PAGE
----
Most of these works were removed already the day after their creation by the city cleaning department.
The mayor of Osnabrück even invited Naegeli to spray in his city, but Naegeli declined the offer.
Adolf Muschg, an eminent Swiss writer and ETH Zürich professor of literature and one of the 72 artists who had signed the petition, commented later:
“He doesn’t work on commission.
He does not sell out his rage”.
On 27 August 1983, Naegeli was arrested at Puttgarden on the Baltic island of Fehmarn when he tried to cross over to Denmark, but was released again on bail.
Germany was reluctant to grant the Swiss the extradition, but finally agreed to evict Naegeli.
On 29 April 1984, Naegeli turned himself in to the Swiss police at the border crossing in Lörrach and subsequently served his jail sentence.
Once released, he returned to Düsseldorf in Germany.
Naegeli largely disappeared from the attention of the public in the late 1980s.
He began focusing on drawings on paper and etchings.
He calls his new works Partikelzeichnungen – they are composed of thousands of minuscule dots and small lines.
This slow process is in stark contrast to his earlier graffiti that, by their very nature, were a very spontaneous means of expression.
Naegeli became a well-respected artist in Germany.
In 1997, he produced a graffito for the University of Tübingen.
In 1998, he was called as a professor at the Thomas-Morus-Academy in Cologne.
He has donated his Partikelzeichnungen to the Institute of Art History at the University of Tübingen.
Not wishing to miss out on Naegeli´s unexpected celebrity celebrity the authorities in Zürich decided to recognise the worth of Naegeli´s early work, which they dubbed Schmiererei (Scribblings), by protecting a still extant graffito to the rear of a University of Zürich building at Schönberggasse 9.
So, why was Zürich so intent on criminalising Naegeli in the 80s?
For what he represented…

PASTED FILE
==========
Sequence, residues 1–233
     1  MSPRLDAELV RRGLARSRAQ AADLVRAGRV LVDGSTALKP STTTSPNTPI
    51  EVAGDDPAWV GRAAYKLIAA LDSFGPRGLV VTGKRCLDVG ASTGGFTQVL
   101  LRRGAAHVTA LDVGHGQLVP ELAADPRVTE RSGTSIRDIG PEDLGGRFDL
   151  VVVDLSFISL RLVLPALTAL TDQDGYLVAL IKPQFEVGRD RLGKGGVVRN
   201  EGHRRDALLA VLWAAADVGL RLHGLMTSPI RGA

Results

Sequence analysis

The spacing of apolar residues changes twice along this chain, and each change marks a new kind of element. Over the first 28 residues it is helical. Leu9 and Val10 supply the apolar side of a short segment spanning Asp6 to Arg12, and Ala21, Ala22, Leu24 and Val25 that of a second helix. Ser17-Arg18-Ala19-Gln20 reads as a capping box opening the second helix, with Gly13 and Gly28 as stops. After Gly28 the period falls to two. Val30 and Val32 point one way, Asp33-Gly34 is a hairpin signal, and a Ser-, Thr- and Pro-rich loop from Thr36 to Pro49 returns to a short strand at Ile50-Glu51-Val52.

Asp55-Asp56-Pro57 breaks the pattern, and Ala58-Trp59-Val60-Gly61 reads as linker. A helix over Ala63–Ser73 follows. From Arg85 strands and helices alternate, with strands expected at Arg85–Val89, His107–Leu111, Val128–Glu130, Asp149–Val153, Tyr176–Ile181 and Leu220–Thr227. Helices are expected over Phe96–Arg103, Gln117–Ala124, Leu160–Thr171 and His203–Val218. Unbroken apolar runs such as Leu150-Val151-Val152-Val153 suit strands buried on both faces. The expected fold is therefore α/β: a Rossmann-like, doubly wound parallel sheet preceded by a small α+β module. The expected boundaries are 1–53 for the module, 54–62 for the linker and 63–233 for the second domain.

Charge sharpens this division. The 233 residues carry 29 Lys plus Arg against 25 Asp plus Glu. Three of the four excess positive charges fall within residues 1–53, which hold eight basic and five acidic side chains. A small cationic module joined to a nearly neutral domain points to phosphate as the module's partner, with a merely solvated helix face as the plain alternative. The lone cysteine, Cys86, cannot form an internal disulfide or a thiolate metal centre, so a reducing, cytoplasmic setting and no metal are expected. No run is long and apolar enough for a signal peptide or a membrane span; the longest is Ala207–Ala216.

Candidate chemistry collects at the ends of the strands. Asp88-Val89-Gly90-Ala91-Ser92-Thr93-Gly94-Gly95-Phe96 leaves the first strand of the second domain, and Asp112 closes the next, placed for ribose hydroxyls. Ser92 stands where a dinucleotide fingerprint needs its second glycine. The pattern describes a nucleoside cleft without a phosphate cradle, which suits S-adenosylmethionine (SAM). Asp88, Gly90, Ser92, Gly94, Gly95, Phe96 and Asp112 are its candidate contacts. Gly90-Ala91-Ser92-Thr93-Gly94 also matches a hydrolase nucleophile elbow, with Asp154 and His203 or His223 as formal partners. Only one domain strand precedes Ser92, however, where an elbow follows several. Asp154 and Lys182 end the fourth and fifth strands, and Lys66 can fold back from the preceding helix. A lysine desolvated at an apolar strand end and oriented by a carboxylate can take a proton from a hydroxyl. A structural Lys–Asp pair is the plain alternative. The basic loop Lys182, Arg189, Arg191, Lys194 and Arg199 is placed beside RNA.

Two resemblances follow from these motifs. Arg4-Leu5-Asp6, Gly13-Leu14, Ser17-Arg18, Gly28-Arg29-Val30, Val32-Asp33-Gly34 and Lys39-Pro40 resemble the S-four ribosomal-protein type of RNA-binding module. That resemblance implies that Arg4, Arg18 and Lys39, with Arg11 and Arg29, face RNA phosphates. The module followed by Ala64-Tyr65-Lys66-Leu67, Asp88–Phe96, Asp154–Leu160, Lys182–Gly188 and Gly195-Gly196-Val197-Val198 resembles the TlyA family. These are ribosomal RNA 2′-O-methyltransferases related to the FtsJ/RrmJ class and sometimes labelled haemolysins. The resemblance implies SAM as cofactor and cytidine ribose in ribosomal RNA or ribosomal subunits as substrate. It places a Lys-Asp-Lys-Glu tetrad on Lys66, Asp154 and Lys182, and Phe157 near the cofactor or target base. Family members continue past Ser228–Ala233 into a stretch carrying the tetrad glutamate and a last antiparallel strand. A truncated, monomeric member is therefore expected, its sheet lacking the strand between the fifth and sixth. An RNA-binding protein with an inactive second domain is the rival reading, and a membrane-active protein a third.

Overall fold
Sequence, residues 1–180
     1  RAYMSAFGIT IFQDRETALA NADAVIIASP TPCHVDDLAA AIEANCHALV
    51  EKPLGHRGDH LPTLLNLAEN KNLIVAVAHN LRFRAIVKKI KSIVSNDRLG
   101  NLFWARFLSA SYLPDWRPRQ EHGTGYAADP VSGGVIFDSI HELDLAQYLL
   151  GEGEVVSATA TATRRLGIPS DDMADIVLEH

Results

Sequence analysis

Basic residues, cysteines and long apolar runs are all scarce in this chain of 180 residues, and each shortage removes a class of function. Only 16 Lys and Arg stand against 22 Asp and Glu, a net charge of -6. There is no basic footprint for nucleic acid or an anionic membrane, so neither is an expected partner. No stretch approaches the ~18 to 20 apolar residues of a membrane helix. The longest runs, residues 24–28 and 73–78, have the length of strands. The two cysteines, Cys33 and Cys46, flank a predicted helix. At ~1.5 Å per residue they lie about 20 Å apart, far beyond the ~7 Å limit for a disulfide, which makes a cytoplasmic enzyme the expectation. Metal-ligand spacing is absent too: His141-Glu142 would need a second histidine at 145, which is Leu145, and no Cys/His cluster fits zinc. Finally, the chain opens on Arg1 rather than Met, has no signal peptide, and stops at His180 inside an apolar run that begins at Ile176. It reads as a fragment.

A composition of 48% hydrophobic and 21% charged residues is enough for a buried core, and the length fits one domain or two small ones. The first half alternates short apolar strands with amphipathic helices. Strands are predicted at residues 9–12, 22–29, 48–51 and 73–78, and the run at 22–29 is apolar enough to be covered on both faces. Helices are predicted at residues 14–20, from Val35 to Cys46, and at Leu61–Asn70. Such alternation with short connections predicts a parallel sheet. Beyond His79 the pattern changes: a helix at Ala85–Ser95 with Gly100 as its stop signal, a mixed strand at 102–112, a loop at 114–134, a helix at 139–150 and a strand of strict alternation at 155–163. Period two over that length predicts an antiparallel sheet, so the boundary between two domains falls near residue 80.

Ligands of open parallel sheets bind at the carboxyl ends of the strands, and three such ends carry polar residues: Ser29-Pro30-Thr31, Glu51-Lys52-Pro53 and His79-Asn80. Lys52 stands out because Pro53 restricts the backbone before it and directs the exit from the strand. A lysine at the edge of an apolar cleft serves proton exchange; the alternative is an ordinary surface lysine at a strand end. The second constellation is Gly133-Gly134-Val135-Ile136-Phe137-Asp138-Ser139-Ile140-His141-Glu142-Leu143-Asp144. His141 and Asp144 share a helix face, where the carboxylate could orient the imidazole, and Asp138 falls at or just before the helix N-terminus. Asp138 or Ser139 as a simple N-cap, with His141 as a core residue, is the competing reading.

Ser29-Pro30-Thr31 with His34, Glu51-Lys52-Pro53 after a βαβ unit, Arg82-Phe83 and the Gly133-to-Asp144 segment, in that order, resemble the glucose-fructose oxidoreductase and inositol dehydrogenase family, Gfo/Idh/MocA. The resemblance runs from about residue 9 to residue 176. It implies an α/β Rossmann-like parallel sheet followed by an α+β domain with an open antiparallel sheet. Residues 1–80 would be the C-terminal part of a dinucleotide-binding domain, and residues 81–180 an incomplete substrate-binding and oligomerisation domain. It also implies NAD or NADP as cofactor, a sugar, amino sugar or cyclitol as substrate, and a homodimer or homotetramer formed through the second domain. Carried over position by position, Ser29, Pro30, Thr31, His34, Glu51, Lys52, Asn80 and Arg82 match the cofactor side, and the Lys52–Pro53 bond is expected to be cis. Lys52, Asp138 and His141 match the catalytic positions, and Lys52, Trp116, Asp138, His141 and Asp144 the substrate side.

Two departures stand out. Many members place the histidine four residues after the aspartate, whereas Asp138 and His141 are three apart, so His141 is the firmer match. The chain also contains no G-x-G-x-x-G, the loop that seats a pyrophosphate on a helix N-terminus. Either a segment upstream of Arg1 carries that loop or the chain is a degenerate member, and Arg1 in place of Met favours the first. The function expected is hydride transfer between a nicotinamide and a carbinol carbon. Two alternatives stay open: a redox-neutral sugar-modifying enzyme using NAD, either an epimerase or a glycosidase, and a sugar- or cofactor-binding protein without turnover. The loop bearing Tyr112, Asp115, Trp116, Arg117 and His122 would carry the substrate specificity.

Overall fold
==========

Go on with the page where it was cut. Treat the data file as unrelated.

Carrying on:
These scribblings in the night were etchings of protest, abstractions in a city of orderliness.
Nights of punk pleasures, artistic anarchy and squatters seeking shelter in a city where affordable accommodation was a luxury many couldn´t (and still can´t) afford.
On 30 May 1980 a protest is staged by youth activists outside Zürich´s Opera House.
This leads to months of rioting between police and protestors, shops wrecked, cars burned, 1000s arrested, many injured…
One woman dies after setting herself on fire in protest.
It takes effort to reach this last remnant of Naegeli´s Scribblings.
The street is a small one.
There are no signs for the average tourist to know of this last work.
This faculty building, dedicated to the study of the German language, does not advertise this back corner drawing.
I end up climbing fences and gripping hills to finally view it.
Like Needle Park, what is seen by the eyes reveals little of the spirit beneath.
(See Haa Bay and Needle Park of this blog.)
For those who wonder if the spirit of revolution and change remains need only walk the streets.
The writing´s on the walls.
(Sources: Only in Zürich, Duncan Smith; Wikipedia)
Before you hand me over
Before you read my sentence
I’d like to say a few words
Here in my own defence
Some people struggle daily
They struggle with their conscience
I have no guilt to haunt me
I feel no wrong intent.
Gowan, “A Criminal Mind”